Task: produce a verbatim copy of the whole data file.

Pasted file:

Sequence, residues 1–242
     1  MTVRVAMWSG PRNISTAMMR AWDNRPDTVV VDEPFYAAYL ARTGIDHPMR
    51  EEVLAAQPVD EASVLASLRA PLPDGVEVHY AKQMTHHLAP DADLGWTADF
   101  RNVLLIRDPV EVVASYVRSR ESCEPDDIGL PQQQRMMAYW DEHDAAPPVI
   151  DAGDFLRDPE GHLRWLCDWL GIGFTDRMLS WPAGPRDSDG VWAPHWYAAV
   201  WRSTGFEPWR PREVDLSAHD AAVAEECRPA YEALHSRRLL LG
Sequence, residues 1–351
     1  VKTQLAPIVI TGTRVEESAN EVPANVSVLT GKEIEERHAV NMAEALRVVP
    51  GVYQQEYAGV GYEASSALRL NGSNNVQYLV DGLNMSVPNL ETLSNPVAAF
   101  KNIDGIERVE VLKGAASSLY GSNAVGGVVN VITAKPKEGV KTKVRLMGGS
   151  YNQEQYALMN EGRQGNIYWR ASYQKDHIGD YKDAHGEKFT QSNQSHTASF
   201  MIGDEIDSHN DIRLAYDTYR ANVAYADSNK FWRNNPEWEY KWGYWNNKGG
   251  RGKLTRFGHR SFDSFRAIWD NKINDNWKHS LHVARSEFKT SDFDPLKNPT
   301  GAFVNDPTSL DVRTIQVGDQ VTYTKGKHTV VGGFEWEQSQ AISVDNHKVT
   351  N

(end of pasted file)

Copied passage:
Sequence, residues 1–242
     1  MTVRVAMWSG PRNISTAMMR AWDNRPDTVV VDEPFYAAYL ARTGIDHPMR
    51  EEVLAAQPVD EASVLASLRA PLPDGVEVHY AKQMTHHLAP DADLGWTADF
   101  RNVLLIRDPV EVVASYVRSR ESCEPDDIGL PQQQRMMAYW DEHDAAPPVI
   151  DAGDFLRDPE GHLRWLCDWL GIGFTDRMLS WPAGPRDSDG VWAPHWYAAV
   201  WRSTGFEPWR PREVDLSAHD AAVAEECRPA YEALHSRRLL LG
Sequence, residues 1–351
     1  VKTQLAPIVI TGTRVEESAN EVPANVSVLT GKEIEERHAV NMAEALRVVP
    51  GVYQQEYAGV GYEASSALRL NGSNNVQYLV DGLNMSVPNL ETLSNPVAAF
   101  KNIDGIERVE VLKGAASSLY GSNAVGGVVN VITAKPKEGV KTKVRLMGGS
   151  YNQEQYALMN EGRQGNIYWR ASYQKDHIGD YKDAHGEKFT QSNQSHTASF
   201  MIGDEIDSHN DIRLAYDTYR ANVAYADSNK FWRNNPEWEY KWGYWNNKGG
   251  RGKLTRFGHR SFDSFRAIWD NKINDNWKHS LHVARSEFKT SDFDPLKNPT
   301  GAFVNDPTSL DVRTIQVGDQ VTYTKGKHTV VGGFEWEQSQ AISVDNHKVT
   351  N